Orlando Bolivar Wilcox

Medal of Honor citation:

Rank and organization: Colonel, 1st Michigan Infantry.
Place and date: At Bull Run, Va., July 21, 1861.
Entered service at: Detroit, Mich.
Birth: Detroit, Mich.
Date of issue: March 2, 1895.

Led repeated charges until wounded and taken prisoner.

Civil War Union Brigadier General, Congressional Medal of Honor Recipient. Born in Detroit, Michigan, he graduated 8th in the United States Military Academy class of 1847. After his graduation,he served in garrisons in Mexico, New Mexico Territory, Massachusetts, and Florida. In 1857 he resigned his commission, returned to his hometown, and became a lawyer. Reenlisting in military service on May 1, 1861, with the rank of Colonel of the 1st Michigan Volunteer Infantry, he led the regiment at First Bull Run, where he was wounded and captured. In Confederate prisons for more than a year, he was released on August 19, 1862, receiving his commission as Brigadier General the same day. Assigned a division of the Army of the Potomac's IX Corps, he directed it at the Battles of South Mountain and Antietam. When Major General Ambrose Burnside, the corps commander, succeeded to command of the army, he led the corps during the December 1862 Fredericksburg Campaign. Early in 1863 the IX Corps was transferred to the West, assigned to the Army of the Ohio. During 1863 and part of 1864, he commanded the corps 3 times. He also served briefly as commander of the District of Central Kentucky. The IX Corps in spring 1864 returned to Virginia, where he led his division at the Battle of the Wilderness, Spotsylvania, Cold Harbor, and Petersburg. When General Burnside resigned after the disastrous Battle of the Crater, on July 30, Major General John G. Parke, the corps's Chief of Staff, not himself, assumed command. Despite his excellent record, he had never been promoted to Major General. He stayed at divisional command until the surrender at Appomattox. Brevetted Major General in the volunteer and Regular service, he was mustered out in January 1866, returning to his legal practice in Detroit. In July, however, the army was enlarged, and he was reappointed as Colonel of the 29th United States Infantry. He remained in the army for 21 years. Because of his performance as commander of the Department of Arizona, the town of Willcox, Arizona, was named after him. He retired in 1887 and, 8 years later, Congress awarded him the Medal of Honor for his performance at First Bull Run. He died in Coburg, Ontario, Canada, of acute bronchitis. His MOH citation reads "Led repeated charges until wounded and taken prisoner". (bio by: Ugaalltheway)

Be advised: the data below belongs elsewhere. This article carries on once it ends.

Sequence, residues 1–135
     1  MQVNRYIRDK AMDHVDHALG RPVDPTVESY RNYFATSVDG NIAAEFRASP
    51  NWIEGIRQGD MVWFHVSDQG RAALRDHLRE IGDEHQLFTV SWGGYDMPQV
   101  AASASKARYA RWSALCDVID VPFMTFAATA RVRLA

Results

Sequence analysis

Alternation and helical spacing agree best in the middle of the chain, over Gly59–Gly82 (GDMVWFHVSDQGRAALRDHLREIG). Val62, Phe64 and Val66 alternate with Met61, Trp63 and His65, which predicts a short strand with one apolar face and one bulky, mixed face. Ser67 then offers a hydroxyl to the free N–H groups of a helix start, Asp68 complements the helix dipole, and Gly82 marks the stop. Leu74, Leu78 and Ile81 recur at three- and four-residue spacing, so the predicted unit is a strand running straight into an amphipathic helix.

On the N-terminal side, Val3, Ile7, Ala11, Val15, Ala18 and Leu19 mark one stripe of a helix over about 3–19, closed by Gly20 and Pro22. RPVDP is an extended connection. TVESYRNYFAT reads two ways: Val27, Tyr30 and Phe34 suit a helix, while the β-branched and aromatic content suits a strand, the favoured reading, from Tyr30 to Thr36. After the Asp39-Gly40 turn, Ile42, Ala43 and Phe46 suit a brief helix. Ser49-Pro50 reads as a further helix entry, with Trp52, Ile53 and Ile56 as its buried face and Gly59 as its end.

Courtesy of find-a-grave


Orlando Bolivar Willcox was born in Detroit, Michigan, on April 16, 1823. Destined for a career in the army, he was graduated from West Point in 1847. He was briefly detailed to garrison duty in Mexico City and Cuernavaca at the close of the Mexican War and then was on duty at various points including stations in New Mexico, Massachusetts, and Florida. Willcox resigned his commission in 1857 to practice law in Detroit, but returned to the army in 1861 as colonel of the 1st Michigan Infantry. At the battle of First Manassas he was wounded and captured while in command of a brigade of Heintzelman's division; he remained a prisoner for more than a year, part of the time as a hostage for Rebel privateers men whom the Federal authorities had threatened to hang as pirates. On the day of his release (August 19, 1862), he was commissioned a brigadier general of volunteers to rank from the date of the battle in which he had been captured the previous year and given command of the 1st Division to Ambrose E. Burnside's IX Corps. He led a division, and sometimes the corps itself, at Sharpsburg, Fredericksburg, Knoxville, and during Grant's Overland campaign against Richmond in the summer of 1864. When Burnside left the Army of the Potomac after the debacle at The Crater in August, Willcox might presumably have been his logical successor in command of the corps, but John G. Parke, who was chief of staff of the corps and a major general, received the post, and Willcox continued to command his division until the close of the war. He was brevetted major general in both the Regulars and volunteers and in 1895 was awarded the Congressional medal for "most distinguished gallantry" at the battle of Manassas thirty-four years before. He was mustered out of service in January, 1866, and returned to Detroit to resume his law practice, but upon the enlargement of the Regular Army in July was reappointed as colonel of the 29th Infantry. He transferred to the 12th Infantry in 1869 and served at San Francisco almost continuously until 1878, when he assumed command of the Department of Arizona during a period when the Apache warfare was at its height. He remained in this post until 1882 and as a consequence of his service here the town of Willcox, Arizona, was named for him. In 1886 he was promoted to brigadier general, U. S. Army, and in 1887 was retired. Two years later he did a tour of duty as governor of the Soldiers' Home at Washington. General Willcox remained in Washington for a time, but in 1905 moved to Coburg, Ontario, where he died on May 10, 1907, at the age of eighty-four; he was buried in Arlington National Cemetery. He was the author of two novels published under the pseudonym "Major Walter March."

Reference: Generals in Blue. Lives of the Union Commanders by Ezra J. Warner. Louisiana State University Press. Baton Rouge.

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